When the Communists marched in and took over Georgia, they had no use for Georgia’s 400+ varieties of grapes.
Too many grapes.
They also didn’t care for the long names of some of the grapes and appellations: Mukhuzani, Kindzmarauli, Napareuli…
Too complicated. Too hard to pronounce.
So they got rid of them. Most of the varietals died off, except for a handful.
And to replace those cumbersome words?
Numbers. The wines were simply numbered.
Some of the numbers had better reputations than others. We were told that an especially desirable number — better than the rest — was number eight (rva – რვა).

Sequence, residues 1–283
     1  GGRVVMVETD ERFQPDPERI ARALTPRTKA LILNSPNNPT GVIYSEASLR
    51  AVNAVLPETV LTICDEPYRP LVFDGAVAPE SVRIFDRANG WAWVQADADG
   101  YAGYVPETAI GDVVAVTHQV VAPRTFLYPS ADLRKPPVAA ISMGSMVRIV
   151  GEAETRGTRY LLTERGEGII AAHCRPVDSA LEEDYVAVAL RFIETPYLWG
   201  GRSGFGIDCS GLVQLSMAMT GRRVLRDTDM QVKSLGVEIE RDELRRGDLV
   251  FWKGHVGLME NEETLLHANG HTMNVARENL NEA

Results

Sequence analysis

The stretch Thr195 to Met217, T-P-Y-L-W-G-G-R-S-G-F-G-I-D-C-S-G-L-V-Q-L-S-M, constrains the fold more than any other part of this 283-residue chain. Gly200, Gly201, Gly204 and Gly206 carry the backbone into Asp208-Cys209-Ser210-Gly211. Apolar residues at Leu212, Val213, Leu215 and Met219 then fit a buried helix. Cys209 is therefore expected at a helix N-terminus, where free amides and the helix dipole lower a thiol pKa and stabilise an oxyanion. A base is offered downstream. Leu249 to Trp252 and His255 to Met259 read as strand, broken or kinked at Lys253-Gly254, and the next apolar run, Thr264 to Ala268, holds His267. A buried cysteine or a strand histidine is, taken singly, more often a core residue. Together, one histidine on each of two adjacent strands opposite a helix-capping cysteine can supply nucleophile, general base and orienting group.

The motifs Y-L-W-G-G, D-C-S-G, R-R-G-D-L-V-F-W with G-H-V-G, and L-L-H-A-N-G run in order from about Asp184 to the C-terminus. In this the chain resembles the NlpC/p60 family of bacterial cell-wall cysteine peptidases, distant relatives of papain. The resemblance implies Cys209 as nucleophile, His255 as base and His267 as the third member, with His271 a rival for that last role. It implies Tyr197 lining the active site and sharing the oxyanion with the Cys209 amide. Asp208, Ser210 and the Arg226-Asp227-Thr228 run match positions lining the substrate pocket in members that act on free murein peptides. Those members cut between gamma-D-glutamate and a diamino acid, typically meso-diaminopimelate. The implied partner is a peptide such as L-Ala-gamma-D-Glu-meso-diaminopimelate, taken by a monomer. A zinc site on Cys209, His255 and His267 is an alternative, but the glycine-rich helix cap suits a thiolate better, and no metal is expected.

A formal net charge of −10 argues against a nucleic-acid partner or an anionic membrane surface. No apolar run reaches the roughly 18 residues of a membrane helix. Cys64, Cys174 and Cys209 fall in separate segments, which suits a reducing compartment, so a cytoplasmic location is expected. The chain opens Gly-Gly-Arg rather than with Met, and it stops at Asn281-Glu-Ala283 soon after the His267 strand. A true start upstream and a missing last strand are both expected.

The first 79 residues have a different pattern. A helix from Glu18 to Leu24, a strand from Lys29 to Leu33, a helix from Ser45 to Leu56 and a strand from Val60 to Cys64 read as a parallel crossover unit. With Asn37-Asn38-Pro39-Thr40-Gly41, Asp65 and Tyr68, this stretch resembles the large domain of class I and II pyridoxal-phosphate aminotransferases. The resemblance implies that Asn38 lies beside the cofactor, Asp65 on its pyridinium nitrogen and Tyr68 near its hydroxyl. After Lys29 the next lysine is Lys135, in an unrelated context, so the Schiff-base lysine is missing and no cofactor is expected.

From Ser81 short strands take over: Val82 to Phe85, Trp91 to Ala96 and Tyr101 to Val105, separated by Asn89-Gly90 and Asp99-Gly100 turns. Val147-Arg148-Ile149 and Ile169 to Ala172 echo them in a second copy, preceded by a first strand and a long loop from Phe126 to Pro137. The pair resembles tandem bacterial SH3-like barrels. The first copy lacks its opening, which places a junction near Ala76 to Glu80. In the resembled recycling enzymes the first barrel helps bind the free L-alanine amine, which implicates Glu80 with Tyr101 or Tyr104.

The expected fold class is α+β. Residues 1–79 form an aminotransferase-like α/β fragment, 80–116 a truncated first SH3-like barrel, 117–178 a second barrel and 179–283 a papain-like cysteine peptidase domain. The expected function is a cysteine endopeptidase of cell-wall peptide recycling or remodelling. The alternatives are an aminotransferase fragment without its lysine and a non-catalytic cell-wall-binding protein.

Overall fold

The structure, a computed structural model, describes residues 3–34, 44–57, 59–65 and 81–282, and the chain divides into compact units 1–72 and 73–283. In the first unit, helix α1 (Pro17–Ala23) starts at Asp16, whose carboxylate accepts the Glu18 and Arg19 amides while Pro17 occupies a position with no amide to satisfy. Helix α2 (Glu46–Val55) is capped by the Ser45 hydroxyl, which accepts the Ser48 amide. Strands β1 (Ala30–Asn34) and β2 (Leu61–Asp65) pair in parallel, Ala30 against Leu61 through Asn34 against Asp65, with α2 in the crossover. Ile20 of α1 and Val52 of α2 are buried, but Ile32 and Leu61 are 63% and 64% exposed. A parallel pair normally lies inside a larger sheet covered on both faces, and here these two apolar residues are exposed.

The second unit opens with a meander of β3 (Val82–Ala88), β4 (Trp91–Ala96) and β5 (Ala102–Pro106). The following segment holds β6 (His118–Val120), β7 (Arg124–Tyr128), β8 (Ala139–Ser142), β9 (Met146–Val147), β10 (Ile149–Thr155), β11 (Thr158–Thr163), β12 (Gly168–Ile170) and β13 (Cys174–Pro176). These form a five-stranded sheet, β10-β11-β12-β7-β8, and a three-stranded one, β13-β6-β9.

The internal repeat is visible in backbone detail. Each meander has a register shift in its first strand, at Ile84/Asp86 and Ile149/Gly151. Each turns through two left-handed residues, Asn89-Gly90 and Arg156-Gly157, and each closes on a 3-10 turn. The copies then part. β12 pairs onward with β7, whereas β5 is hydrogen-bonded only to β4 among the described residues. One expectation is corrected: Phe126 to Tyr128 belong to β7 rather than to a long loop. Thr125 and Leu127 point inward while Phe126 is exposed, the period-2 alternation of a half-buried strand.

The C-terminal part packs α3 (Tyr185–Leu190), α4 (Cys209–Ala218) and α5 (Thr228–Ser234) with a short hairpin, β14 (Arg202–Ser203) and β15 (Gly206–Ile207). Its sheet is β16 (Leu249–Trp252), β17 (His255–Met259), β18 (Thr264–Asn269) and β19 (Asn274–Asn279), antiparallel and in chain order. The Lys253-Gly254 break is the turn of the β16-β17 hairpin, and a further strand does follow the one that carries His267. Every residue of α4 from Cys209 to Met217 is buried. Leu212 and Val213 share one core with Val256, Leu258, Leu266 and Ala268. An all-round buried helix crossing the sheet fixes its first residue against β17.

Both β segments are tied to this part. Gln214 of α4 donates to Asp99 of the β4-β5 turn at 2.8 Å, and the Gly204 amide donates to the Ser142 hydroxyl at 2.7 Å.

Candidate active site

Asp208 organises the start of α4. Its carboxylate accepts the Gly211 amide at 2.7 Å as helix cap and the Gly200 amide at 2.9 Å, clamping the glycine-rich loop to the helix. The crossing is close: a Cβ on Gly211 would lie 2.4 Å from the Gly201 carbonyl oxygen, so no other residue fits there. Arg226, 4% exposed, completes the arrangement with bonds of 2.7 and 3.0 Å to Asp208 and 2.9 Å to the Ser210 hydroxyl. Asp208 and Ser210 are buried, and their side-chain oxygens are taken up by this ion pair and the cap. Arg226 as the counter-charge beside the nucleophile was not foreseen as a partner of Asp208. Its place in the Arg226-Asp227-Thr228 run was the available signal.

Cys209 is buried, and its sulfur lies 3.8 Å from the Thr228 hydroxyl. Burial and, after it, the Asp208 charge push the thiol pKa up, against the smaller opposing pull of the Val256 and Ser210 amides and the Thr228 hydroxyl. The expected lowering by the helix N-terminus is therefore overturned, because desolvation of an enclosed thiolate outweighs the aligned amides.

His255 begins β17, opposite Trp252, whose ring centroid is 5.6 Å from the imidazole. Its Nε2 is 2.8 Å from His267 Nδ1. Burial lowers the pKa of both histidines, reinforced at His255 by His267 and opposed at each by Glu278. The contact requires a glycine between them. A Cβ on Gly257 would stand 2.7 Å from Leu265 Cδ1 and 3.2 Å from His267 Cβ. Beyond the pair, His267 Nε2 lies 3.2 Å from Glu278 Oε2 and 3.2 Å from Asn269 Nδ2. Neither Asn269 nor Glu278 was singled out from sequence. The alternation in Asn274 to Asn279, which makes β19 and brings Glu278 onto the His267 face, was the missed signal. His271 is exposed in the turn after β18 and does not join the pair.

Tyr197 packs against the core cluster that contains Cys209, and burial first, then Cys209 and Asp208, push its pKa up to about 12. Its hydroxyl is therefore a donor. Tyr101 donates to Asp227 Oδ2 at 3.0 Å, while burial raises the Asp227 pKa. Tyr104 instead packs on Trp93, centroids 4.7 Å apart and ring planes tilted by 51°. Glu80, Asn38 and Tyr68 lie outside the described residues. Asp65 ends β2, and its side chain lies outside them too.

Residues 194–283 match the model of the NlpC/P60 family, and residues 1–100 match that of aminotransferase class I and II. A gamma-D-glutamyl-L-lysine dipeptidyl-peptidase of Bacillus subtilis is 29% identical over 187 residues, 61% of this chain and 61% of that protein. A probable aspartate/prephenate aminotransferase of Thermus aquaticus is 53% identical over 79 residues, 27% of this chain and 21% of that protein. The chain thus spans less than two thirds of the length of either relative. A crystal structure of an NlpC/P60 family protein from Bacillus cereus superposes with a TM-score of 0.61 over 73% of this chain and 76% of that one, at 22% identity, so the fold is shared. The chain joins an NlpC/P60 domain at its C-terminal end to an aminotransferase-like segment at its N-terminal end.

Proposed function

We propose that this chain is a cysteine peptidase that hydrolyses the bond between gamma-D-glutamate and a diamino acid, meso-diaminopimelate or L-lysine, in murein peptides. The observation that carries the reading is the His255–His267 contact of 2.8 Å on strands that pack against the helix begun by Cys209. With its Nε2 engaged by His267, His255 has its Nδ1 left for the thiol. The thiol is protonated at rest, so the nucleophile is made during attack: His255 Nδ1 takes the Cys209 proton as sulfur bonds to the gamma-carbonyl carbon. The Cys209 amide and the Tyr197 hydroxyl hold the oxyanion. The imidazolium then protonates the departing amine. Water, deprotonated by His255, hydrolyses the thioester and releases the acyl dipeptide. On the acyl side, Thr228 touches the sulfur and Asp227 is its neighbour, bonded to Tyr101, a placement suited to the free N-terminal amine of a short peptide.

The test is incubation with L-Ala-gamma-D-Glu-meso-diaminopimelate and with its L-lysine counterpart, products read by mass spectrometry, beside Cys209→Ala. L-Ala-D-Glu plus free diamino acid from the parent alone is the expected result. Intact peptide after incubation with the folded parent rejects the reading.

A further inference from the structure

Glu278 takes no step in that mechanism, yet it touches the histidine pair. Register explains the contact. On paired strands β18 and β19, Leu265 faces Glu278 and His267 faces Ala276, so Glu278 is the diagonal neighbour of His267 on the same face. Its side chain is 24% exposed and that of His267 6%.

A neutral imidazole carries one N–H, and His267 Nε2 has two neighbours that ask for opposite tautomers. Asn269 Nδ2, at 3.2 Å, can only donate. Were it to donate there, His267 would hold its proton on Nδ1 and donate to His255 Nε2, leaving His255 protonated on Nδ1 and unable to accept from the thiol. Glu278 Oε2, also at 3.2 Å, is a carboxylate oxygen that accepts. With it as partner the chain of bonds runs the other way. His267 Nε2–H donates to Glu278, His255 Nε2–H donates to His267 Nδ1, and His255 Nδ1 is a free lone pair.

After the fall of the Soviet Union, the number system stuck for awhile. You’d go into a store and ask “Do you have number two?” or “How much number four do you have left?”
Today, as a nod to that era not so far in the past, you can still go in to most wine shops in Georgia and find on the shelves an affordably drinkable number eight: Kakhuri No. 8 from Teliani Valley.
You can also call it by its given name: Rkatsiteli.
You spend years here coming and going, and just get back from a week in wine country, but randomly find this out at the neighbor’s house tonight at dinner.
I love this place.